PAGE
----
Earlier this week, Angela Merkel, the German chancellor, announced that she would be running for a fourth term.
Her electoral run would be significant in any event – but in the aftermath of Brexit and the recent American election that will bring Donald Trump into office next year, it is even more so.
But what is it about Mrs Merkel that makes her unique and the importance of her victory that profound? And what does it say about Europe and the West in the 21st century?
As Mrs Merkel announces she is running again, there are reasons to be somewhat lacking in enthusiasm. This will be her fourth time running – and politics does need fresh blood from time to time. But on the other hand, Europe is going through a deeply troubling era, with the referendum on Britain leaving the European Union, and an unpredictable president-elect due to take office in the United States next year. For a number of factors that contributed to those two rather shocking events, Mrs Merkel’s leadership in Germany is crucial.
Herein lies the rub. The temptation politicians often feel in dealing with populism is to do one of two things – either to ignore it or to out-populist the populists. The first option underestimates populism and its appeal – and this is blatantly what happened in the UK and the US.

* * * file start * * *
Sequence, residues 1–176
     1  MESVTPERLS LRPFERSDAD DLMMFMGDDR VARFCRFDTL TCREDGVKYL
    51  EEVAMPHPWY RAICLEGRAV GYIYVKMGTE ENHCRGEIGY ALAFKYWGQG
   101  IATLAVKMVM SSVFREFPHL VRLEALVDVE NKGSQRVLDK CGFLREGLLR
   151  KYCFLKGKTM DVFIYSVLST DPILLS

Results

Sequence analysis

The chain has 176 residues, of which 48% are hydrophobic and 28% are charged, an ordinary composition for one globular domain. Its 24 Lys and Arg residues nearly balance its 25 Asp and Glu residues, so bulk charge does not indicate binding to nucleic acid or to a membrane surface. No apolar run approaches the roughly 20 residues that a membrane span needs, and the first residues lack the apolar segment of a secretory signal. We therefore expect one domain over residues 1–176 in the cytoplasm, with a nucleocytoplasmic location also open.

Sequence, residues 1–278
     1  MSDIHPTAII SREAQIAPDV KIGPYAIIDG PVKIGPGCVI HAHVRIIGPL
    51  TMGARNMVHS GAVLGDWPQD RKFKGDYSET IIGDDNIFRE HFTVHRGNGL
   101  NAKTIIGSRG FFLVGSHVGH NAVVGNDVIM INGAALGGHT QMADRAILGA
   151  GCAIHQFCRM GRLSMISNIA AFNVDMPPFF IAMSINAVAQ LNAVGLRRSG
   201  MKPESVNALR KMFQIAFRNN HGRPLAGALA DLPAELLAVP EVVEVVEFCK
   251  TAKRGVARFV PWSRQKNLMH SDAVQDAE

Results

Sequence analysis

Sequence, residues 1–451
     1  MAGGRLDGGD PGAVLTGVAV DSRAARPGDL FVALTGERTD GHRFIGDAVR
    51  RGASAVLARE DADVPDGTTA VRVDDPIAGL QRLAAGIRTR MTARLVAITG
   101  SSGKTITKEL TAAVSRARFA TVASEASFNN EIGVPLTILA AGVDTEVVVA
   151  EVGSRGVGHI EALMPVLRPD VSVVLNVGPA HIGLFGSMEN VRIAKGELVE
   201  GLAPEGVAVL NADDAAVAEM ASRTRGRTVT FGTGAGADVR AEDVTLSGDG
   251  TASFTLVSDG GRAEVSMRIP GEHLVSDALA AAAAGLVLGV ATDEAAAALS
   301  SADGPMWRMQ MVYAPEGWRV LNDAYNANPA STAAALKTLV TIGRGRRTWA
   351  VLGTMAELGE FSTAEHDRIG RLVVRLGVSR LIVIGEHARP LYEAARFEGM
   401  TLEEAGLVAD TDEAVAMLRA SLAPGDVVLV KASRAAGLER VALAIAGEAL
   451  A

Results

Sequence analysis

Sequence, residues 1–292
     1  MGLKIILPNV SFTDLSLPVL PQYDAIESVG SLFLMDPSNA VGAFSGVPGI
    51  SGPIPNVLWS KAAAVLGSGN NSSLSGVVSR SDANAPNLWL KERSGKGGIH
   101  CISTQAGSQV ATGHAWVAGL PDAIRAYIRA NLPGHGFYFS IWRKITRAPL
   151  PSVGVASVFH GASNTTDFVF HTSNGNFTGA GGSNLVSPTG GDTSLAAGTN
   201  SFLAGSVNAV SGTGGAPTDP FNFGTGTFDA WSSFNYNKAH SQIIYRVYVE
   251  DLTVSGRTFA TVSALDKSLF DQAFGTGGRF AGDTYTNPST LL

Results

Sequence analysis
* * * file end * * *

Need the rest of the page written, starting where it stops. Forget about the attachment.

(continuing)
Germany and the rest of Europe ought not to make the same mistake. The second option, however, is immensely dangerous – because it means we allow, on a political level, the centre of mainstream politics to shift further and further to the right, which causes its own problems. In the United States, that is already happening, with the mainstreaming of incredible bigotry, as self-professed so-called alt-right backers of Donald Trump become deeply significant to the future of his presidency.
It will require immense leadership – which politicians haven’t shown much of in the recent past – but that is the unenviable task that lies ahead of Mrs Merkel, first and foremost.